The works of Acads. Mikhail Kuzmin, Nikolai Dobretsov and Dr. Anatoly Kirdyashkin on plutonic geodynamics won a State Prize of the Russian Federation, and their book Plutonic Geodynamics appeared in three editions, both in Russian and in English.


Our Siberian Branch has been doing much towards the advancement of geochemistry and its prospective research lines. Being in charge of this work, Felix Shakhov, Fyodor Krendelev (corresponding members of the USSR Academy of Sciences) and Acad. Lev Tausson managed to marry basic research in the geochemistry of endogenic processes implicated in rock and ore formation (here they made a wide use of the latest physical, physicochemical and radiogeochemical methods of analysis) to applied problem solving in the surveying and prospecting areas. This research group laid a groundwork for the geochemistry of technogenesis, a new line that spurred the development of ecogeochemistry and radioecology.

Led by Acad. Nikolai Puzyrev, Epaminond Fotiadi and Sergei Krylov (both corresponding members of the national Academy of Sciences), Siberian geophysicists elaborated theoretical principles of geophysical data retrieval and management. They suggested methods for in-depth seismic sounding by combining multiwave seismic prospecting with that by electric means, a procedure that allowed to boost drastically the efficiency of prospecting and turn to direct, immediate techniques of locating oil and gas deposits. For their cycle of works Physicogeological Principles of Multiwave Prospecting Acad. Nikolai Puzyrev and his colleagues Konstantin Lebedev, Irina Obolentseva, Boris Sibiryakov and Arnold Trigubov were awarded a USSR State Prize for 1987.

And in 1999 Acad. Nikolai Puzyrev received a State Prize of the Russian Federation for his monograph Methods and Objects of Seismic Studies: Introduction to General Seismology. This work as well as the works of Acad. Goldin, Dr. Viktor Seleznev and other authors offered a new concept of active geophysical and geodynamic monitoring in seismoactive zones based on the essentially new interpretation of physical processes within a seismic source area before, during and after an earthquake.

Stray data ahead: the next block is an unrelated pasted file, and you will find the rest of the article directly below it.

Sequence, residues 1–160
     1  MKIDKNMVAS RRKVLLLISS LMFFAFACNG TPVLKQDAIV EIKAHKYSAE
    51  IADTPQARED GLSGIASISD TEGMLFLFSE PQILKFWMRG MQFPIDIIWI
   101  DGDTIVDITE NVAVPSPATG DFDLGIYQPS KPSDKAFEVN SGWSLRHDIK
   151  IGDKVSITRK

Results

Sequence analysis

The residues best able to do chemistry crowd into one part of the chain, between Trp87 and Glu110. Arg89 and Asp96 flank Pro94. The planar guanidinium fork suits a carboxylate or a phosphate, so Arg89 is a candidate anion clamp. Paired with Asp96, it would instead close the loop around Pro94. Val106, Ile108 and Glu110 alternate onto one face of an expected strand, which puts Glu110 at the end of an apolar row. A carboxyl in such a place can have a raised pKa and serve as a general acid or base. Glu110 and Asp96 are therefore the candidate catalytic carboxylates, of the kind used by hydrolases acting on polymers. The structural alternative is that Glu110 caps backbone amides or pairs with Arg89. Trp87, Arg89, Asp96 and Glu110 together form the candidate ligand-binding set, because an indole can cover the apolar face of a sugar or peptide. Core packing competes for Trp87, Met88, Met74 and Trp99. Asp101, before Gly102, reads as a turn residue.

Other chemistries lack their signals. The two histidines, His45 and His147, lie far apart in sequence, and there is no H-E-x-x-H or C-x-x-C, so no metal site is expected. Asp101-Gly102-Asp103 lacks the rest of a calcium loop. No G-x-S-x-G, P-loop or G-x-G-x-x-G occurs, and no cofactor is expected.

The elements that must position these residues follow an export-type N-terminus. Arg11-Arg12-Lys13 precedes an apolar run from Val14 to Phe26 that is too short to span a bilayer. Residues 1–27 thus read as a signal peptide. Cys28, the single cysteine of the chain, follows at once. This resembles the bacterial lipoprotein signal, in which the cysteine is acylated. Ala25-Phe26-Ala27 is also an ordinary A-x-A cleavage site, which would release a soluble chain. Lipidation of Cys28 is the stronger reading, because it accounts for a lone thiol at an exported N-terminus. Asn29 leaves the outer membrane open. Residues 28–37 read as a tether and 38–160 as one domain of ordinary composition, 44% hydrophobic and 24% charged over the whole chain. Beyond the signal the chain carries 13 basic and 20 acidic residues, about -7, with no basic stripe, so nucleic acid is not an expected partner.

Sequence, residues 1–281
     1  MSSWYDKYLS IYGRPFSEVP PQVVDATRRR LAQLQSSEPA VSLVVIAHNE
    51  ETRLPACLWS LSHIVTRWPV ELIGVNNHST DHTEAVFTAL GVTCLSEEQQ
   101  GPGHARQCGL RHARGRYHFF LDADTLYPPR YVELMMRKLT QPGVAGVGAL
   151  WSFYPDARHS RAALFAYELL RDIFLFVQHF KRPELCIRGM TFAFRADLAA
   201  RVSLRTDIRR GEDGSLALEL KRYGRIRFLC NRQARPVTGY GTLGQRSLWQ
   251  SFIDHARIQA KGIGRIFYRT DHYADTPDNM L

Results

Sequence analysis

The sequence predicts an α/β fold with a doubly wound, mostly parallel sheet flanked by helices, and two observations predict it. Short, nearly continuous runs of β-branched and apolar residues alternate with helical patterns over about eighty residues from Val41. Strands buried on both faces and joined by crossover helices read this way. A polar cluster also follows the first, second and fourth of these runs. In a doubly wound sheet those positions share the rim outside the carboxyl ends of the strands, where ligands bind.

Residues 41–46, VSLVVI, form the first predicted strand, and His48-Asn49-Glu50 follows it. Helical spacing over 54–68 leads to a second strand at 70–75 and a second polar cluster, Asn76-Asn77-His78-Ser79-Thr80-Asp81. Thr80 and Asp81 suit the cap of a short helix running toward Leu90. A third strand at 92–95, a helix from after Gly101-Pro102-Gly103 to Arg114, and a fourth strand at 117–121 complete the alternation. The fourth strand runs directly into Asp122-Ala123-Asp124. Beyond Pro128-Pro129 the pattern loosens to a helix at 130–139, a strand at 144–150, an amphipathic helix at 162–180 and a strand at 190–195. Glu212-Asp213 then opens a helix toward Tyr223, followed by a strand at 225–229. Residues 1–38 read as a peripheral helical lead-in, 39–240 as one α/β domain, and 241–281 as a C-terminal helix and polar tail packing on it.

In 1978 the RAS Siberian Branch set up a network of seismic stations for geophysical data collection and processing. Operating in the monitoring mode, these stations collect information on seismic events all over the Siberian territory,

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which is then passed on to research centers of this and other countries. A number of SB research institutes (Trofimuk Institute of Oil-and-Gas Geology and Geophysics; Institutes of the Earth Crust; of Geology of Diamonds and Noble Metals; of Geological, Computing Mathematics and Mathematical Geophysics, and others) have become leading research bodies in the field of seismic zoning and in studying associated disastrous phenomena (destruction of structures, landslides, mud-and-earth flows, sills, etc.). They are cooperating with the SB Geophysical Service in carrying out appropriate studies and tests of houses and other structures for resistance to seismic effects.

Two SB research centers - Institutes of the Earth Crust, and of Geology and Geophysics-pioneered in engineering and geological explorations in Siberia and the Far East begun in the 1960s and continued for about twenty years. These institutes mapped present-day geodynamic processes and phenomena (landslides, landslips, creep, mudflows, sink holes, etc.). Their materials were used widely in the erection of hydrotechnical structures on the Yenisei, the Angara, on Lake Baikal's shores, and along the Baikal-Amur railroad trunk line. A group of scientists merited a State Prize of the USSR for this work.

We ought to mention achievements scored in studying perennially frozen rocks: in these fifty years since SB's foundation, our researchers have been closely involved with geocryological studies geared to practical tasks and to global cryology of the earth with the aim of elucidating the significance of cryogenesis in the origins, existence and further evolution of the hydro-, atmo- and biosphere. SB is running the world's unique research centers conducting systematic studies of the cryolitic zone taking up over 70 percent of Siberia's territory (this work being done by the Melnikov Institute of Geocryology in Yakutsk, and the Institute of the Earth's Cryosphere in Tyumen).

Their research staffs (under Acads. Pavel Melnikov and Vladimir Melnikov) determined laws underlying the propagation of the temperature field in cryogenic strata and related formative mechanisms, and studied diverse forms of underground ices, gas-hydrates and cryopegs.* They elaborated models for the interaction of the cryolitic zone with the climate and landscape environment of Western and Eastern Siberia. The earth scientists of the above two research institutes explored the dynamics of arctic sea coasts and discovered definite regularities and characteristics of the cryolitic zone's degradation in the shallow waters of sea shelves. And last, they suggested original methods for studying cryogenic strata, namely cryo-facies analysis, landscape-geocryological mapping, and seismo- and electrosurveying investigations of cryogenic profiles.

Our cryogenicists found ways and means for the protection of the natural environment of the North from damages caused by gas pipeline construction. They came up with practical suggestions with respect to selection of sites for pile housing and industrial engineering structures and methods of biological recultivation of landscapes in tundra plains of the Far North.